Certainly, not everyone is cut out to be a CEO, what specific traits increase the likelihood that a person will be a successful CEO and what type of person should avoid aspiring to be a CEO?
Successful leaders develop and support successful teams. First of all, build the right team. Hiring a great resume may get you skills, but is that person going to fit into your team? Eliminate those individuals who erode rather than enhance team spirit. My daily goal is to help my team thrive. Create an environment where your team feels safe but push their boundaries. If you have a talented team, push them to do things that are new with the caveat that they will make mistakes. The right team members will HATE making mistakes, but the outcome should be a constructive learning experience. That’s not to say that you won’t get angry periodically, but that is what the gym is for… to work off your emotions which are usually irrelevant. Your team will never grow if they cannot make those mistakes and learn. Remind them that it’s ok to make mistakes, but to be successful, they have to get back up again the next day and strive to learn. And, of course to make new mistakes in the future. That’s part of growth. It’s essential for members of your team to feel as if they’re a part of an experience, not just an employee. My goal is not for everyone at EAG to stay forever, but when they leave, they should be significantly more knowledgeable and accomplished than when they arrived. Lastly, really listen to people when they’re bringing ideas to the table and let people do the job they were designed to do. Explore people’s ‘zones of genius’ and leverage that in the decisions you make. You can’t know everything or do everything better than everyone else, nor should you. You are their fearless leader (or pretend to be). Give them the strength and encouragement to become the best in their field.
What advice would you give to other female leaders to help their team to thrive?
My top advice for other female leaders to help their team thrive is first to create an environment where your team feels safe. In other words, we all make mistakes, but it’s crucial to develop a peer-based organization or environment where your team can feel it’s safe to make those mistakes and learn. Tell them it’s ok to make mistakes but you must get back up again the next day and strive to learn and do better.
Who inspired/inspires you and why?
My dad was is my biggest inspiration because he’s been through my journey — every step of the way.
None of us are able to achieve success without some help along the way. Is there a particular person who you are grateful towards who helped get you to where you are? Can you share a story about that?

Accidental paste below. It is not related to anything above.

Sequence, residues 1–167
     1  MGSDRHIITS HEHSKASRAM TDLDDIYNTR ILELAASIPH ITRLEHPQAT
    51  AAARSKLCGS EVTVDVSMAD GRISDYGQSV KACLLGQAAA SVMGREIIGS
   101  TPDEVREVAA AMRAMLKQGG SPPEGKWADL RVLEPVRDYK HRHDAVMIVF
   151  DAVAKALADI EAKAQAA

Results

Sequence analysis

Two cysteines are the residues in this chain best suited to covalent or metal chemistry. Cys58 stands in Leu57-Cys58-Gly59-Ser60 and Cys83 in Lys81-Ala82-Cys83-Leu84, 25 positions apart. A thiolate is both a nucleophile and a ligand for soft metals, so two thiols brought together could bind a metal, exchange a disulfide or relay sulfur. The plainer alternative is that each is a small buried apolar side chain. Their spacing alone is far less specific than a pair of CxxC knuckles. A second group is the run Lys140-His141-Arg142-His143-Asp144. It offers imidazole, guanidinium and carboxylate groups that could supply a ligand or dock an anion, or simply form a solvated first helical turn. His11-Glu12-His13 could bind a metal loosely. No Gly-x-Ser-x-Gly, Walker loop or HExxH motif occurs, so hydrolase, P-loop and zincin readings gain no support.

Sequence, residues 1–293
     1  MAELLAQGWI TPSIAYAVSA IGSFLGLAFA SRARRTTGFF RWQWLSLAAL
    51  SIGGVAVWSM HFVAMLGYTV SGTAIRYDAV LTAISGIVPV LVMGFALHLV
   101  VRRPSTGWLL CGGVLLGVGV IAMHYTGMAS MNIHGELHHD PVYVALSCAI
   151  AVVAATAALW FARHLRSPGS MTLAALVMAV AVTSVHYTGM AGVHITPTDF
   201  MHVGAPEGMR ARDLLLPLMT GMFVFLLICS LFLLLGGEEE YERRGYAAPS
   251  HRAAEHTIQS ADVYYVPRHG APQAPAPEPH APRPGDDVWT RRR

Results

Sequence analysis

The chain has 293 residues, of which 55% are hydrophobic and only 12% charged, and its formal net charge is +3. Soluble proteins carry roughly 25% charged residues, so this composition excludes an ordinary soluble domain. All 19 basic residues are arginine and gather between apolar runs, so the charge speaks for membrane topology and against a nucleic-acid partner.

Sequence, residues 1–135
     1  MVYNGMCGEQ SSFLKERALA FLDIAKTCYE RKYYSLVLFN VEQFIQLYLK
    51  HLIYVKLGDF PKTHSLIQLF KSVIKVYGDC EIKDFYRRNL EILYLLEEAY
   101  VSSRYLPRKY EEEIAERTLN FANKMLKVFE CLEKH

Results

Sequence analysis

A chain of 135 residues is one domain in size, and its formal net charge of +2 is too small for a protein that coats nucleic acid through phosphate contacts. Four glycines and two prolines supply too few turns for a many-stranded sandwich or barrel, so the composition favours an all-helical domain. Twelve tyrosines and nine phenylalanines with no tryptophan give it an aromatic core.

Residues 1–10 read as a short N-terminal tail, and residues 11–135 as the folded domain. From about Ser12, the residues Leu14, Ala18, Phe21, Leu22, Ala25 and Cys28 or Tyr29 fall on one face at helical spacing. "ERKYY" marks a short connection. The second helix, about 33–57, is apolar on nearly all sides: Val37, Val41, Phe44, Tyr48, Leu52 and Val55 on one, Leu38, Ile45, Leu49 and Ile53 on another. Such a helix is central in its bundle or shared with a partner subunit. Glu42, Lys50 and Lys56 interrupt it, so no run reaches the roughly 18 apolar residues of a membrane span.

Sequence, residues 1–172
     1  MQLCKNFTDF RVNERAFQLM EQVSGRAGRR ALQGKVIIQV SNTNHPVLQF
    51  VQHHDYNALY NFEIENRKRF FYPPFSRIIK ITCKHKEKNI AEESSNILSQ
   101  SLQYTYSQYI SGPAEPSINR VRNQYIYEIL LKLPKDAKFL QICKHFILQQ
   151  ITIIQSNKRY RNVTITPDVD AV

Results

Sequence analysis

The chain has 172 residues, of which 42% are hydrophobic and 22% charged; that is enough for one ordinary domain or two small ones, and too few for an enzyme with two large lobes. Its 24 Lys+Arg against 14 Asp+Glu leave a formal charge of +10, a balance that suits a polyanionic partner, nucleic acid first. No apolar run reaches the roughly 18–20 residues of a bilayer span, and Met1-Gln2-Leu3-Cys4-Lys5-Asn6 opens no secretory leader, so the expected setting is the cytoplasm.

Throughout my journey of success, the person that was always there for me was my dad. He’s always been incredibly supportive, especially in teaching me never give up when things got down. He’d always tell me to buck up and get back on the saddle.
When push came to shove, he would pitch in money or help me with personal expenses or provide me a short-term loan to keep going. It was through this trial and error that I learned how to be better at predicting and how to handle the ups and downs of the energy cycle.
How have you used your success to make the world a better place?
As a Houstonian, it was important for me and only natural to come back and start my company there. It meant a lot for me to add more jobs to my hometown. My impact, as well as EAG Services, is evident by Houstonians, particularly startup oil & gas companies turning to us for advice in streamlining processes & providing support to their businesses. The work myself and the EAG Services team provide to our Houston clients is everything, and it shows at every level in the organization. People are empowered at EAG, not only to mold their career path and accelerate it as such but also in their ability to do right by the client.
It’s also important for us to give back to our community when we can. We have a community service committee that comes up with activities for the company to participate in throughout the year where most of our employees are coming out and giving back.
What are the “5 Things I Wish Someone Told Me Before I Started” and why? (Please share a story or example for each.)
You are a person of great influence. If you could inspire a movement that would bring the most amount of good for the most amount of people, what would that be? You never know what your idea can trigger.
As a leader of a growing company, it was vital for me to encourage involvement in charity organizations from the beginning. Enable the team to get out & help the community where they see that need exists. And as things pop up, for example, we were in the middle of dropping off gifts for Christmas to a family in need when we realized the family had lost much more than presents from Hurricane Harvey. They’d lost their entire furniture in their home, so as a team, we put together another drive to raise funds for this family.
It was through this additional fundraising that we were able to get the family mattresses, and furniture to furnish the entire new home, as well as rent for the next three months. I want to continue to inspire this movement in my company and hope we do our part in bringing good to this world.
Can you please give us your favorite “Life Lesson Quote”? And how that was relevant to you in your life? “I get knocked down, but I get up again
You are never gonna keep me down…”
The lyrics from this song really resonate with my life quote of keep rolling with the punches. Especially when I was first starting my company. I got hit with many challenges daily where I didn’t know how to make the right decision. So, I learned to get up again. No matter how many times I got “knocked down,” I always got up again.
Some of the biggest names in Business, VC funding, Sports, and Entertainment read this column. Is there a person in the world, or in the US with whom you would love to have a private breakfast or lunch with, and why?
Pink, the singer, is someone I’d love to have a meal with because she doesn’t fit the typical stereotype. She’s empowering women to go out there and get what they want in life — not holding anything back, and that inspires me.
About the author:
Phil La Duke is a popular speaker & writer with more than 350 works in print. His most recent book is Lone Gunman: Rewriting the Handbook On Workplace Violence Prevention. Follow Phil on Twitter @philladuke